For me, referring to vital energy was a way to index the cost to someone, subjectively, of living and working in a zone of depletion when other people’s lives and spaces are thereby enriched. I’m not sure I would use the same phrase now, “vital energy,” because I’ve noticed that some readers are thrown off from its political-economic importance because they associate the language with vitalism. However, I don’t have a substitute for it.

AM: In your writing, you draw from different methods of inquiry, including ethnographic, literary analysis, and feminist STS. Can you tell us a little bit more about writing across disciplinary boundaries? What were some of the challenges or even forms of resistance, either internally or externally, that you may have faced in writing across disciplines?

KV: It means a lot to me that you can see that work there and that you appreciate it. I think you have to have done that kind of work yourself to appreciate it. I started graduate school at the University of Hawaii in anthropology, but I was introduced to anthropology through music. I was an undergraduate music major at Wesleyan University, which had a fantastic ethnomusicology component. However, after completing an ethnography-based master’s thesis, I realized that I could not strictly be an anthropologist. The kind of questions I’m interested in connect individual subjective history and experience to infrastructures that carry forward submerged histories that can be difficult to perceive. So in Life Support, I had to show that the path that laborers and then human kidneys take over different geographies had shared infrastructure. You see the latter if you begin tracing it from the colonial allocation of labor and development of the indentured labor contracts responsible for forcing mobility out of the subcontinent as a direct corollary to abolishing slavery in the British Empire. I often show a slide mapping contemporary transoceanic fiber optics cables that carry data-as-labor from zones of depletion to enrichment zones next to a map of colonial shipping routes moving enslaved Africans and extracted resources in the 1600s and 1700s. They’re almost identical to the transoceanic fiber optic cables. The technologies that carry the internet and its datafied human labor and energy are now laid over similar paths to those that go back to colonialism.

To answer the other part of your question about resistance, I was advised in this way by James Clifford, one of my supervisors as a Ph.D. student: If I wanted to be read by anthropologists, I’d have to be more “anthropologist” than someone with a Ph.D. in the discipline. So, when I’ve published articles in anthropology, I’ve been extremely rigorous with reading the scholarship and placing my studies within the bibliography for my research site(s) within the discipline. There are consequences for the choice of transdisciplinarity for a book project, and one is that you cannot devote as much space in your analysis for a single discipline. On the other hand, the reward is that you can have many different kinds of scholars to think and speak with. But it was complicated to figure out who the reviewers should be for Life Support. It took some time and some thinking and some back and forth with my editors to figure it out. The silver lining of choosing to write a transdisciplinary study was that I had to be intentional and clear about my methodology, which made the book better.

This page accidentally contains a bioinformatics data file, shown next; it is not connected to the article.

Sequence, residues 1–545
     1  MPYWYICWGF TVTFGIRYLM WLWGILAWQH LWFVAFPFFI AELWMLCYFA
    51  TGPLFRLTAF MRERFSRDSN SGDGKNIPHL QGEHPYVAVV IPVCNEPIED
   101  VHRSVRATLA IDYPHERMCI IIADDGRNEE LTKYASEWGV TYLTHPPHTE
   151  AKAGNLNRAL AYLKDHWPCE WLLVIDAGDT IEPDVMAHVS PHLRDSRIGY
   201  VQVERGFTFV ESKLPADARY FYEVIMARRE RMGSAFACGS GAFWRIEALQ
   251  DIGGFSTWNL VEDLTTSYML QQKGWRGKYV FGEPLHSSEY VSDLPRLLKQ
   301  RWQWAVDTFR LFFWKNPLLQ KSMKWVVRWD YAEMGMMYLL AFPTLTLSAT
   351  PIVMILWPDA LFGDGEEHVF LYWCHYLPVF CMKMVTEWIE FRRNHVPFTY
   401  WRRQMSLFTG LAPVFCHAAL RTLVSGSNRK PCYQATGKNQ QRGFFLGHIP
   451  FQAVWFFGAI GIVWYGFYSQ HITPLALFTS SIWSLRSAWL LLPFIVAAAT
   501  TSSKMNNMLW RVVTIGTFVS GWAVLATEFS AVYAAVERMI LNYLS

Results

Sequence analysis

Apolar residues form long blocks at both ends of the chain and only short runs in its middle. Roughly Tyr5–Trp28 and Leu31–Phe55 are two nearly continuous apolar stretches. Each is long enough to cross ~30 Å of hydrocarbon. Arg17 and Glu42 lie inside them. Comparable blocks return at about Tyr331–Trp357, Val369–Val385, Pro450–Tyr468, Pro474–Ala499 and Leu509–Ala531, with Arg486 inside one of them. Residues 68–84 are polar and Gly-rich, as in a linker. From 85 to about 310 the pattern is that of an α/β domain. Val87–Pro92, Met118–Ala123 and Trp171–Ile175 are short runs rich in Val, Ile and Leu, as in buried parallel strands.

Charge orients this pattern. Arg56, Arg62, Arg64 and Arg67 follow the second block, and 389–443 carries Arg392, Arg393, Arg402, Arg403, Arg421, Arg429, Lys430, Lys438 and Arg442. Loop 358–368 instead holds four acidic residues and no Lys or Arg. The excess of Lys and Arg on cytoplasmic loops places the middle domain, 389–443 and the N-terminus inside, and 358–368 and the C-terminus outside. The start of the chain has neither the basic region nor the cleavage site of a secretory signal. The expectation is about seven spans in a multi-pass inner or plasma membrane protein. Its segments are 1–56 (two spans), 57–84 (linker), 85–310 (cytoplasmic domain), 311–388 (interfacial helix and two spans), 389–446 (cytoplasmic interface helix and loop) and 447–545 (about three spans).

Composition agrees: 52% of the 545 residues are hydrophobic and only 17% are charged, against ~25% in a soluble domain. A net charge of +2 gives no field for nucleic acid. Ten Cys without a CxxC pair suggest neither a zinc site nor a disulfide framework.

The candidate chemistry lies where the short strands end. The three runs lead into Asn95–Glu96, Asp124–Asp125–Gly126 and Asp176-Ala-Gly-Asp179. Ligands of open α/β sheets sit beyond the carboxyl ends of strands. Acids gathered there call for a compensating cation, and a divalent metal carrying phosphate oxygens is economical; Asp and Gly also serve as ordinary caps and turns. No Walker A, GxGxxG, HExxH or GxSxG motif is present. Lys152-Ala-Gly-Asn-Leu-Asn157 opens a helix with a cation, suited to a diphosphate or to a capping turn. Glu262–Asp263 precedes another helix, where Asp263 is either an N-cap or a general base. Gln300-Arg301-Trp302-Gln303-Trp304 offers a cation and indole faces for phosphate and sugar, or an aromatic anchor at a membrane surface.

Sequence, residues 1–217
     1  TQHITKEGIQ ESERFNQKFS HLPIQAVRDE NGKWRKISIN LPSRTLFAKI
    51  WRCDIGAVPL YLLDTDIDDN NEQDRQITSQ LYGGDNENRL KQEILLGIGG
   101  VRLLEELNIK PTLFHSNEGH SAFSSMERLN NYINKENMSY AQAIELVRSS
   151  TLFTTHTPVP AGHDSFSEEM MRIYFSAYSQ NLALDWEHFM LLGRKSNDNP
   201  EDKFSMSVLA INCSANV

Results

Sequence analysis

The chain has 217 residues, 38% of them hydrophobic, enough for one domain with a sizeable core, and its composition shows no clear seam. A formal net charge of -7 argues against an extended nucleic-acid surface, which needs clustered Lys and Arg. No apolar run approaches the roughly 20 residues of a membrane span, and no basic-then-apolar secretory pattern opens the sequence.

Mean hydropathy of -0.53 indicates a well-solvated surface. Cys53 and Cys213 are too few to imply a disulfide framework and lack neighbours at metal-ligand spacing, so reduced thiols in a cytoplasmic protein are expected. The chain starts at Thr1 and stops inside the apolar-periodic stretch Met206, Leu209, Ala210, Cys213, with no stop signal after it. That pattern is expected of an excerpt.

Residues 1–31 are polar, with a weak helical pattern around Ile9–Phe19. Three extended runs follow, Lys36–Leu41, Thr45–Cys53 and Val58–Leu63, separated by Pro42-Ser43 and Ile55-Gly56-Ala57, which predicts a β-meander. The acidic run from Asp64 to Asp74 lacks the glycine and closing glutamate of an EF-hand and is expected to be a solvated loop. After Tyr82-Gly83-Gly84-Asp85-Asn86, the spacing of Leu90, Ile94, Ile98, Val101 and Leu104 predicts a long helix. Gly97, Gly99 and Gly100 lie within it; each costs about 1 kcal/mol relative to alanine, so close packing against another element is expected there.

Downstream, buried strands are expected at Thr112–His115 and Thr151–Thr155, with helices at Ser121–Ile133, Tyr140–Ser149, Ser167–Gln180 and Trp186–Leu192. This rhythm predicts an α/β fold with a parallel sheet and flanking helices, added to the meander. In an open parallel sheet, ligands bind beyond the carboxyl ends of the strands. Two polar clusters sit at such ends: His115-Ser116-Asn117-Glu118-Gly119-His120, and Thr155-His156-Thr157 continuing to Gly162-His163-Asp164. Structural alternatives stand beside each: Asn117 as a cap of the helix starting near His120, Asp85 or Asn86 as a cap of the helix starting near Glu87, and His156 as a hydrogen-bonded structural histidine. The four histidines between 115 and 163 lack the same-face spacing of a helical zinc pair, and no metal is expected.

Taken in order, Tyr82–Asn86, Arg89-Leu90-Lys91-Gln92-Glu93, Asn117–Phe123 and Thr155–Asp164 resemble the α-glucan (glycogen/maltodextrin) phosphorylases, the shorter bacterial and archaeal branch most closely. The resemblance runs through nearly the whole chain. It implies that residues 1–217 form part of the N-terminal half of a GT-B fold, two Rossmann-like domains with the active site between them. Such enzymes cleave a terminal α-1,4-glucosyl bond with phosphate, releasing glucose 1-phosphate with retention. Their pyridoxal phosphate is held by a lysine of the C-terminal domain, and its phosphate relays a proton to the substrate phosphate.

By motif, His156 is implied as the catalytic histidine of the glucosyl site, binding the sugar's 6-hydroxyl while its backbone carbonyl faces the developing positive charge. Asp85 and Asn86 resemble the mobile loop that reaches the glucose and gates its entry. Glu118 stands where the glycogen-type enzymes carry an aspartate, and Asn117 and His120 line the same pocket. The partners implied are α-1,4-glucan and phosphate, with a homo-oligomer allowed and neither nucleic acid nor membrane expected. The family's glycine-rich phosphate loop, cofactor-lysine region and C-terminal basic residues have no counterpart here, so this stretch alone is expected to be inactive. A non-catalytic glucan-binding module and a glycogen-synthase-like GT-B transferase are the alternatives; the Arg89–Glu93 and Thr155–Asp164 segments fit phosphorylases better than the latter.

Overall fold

AM: When one is doing interdisciplinary work, it can feel like one is doing double or triple the work – in anthropology, ethnic studies, and science and technology studies, in our case, for instance. Speaking about methodology, you propose an exciting way of approaching ethnographic writing. You call it a juxtapositional reading practice. In every chapter, you interweave stories with literary analysis by incorporating literary text, like Stanadayani. How does this approach, on the one hand, enhance your analysis, and at the same time, what sort of argument are you making through this method? It seems like you are doing it very intentionally by interweaving writing genres through juxtaposition as a method.

KV: I can say two things. The first one is in writing about aesthetic texts — literary works that some people might call cultural texts — in addition to ethnography. I needed to acknowledge that there is a whole discipline dedicated to working with these aesthetic texts. So, in terms of your previous question about how you do interdisciplinarity and transdisciplinarity well, first, you need to respect your audiences and the work of prior scholars in fields outside your own. I needed to understand that there will be people reading this book who care about these texts from the approach of literature, both in English and in their original languages of publication. I needed to know what had been said about them and texts like them. Life Support includes engagement with the work of these literary studies, even when it needed to be placed in the footnotes.

In other words, yes, one of the responsibilities of doing interdisciplinary work is to know what specific disciplines have offered in terms of analysis of your research sites and objects, and that is extra work beyond engaging a single discipline. In terms of the juxtapositional reading practice, when I was in grad school in the first decade of the 2000s, we were trained in the philosophy of deconstruction. The works of Jacque Derrida and Gayatri Spivak were very influential, especially in my graduate program, The History of Consciousness, at UC Santa Cruz. Their critique of power and representation influenced me. The idea that an author is a person who creates a representation of reality that gets to assert a truth claim that the person who’s represented does not get to claim places an ethical responsibility on an author. That brought me to an ethical quandary around ethnography, so a transdisciplinary approach offered a way to address the ethical weight of representation by marking my narrative as one among others rather than as empirical truth.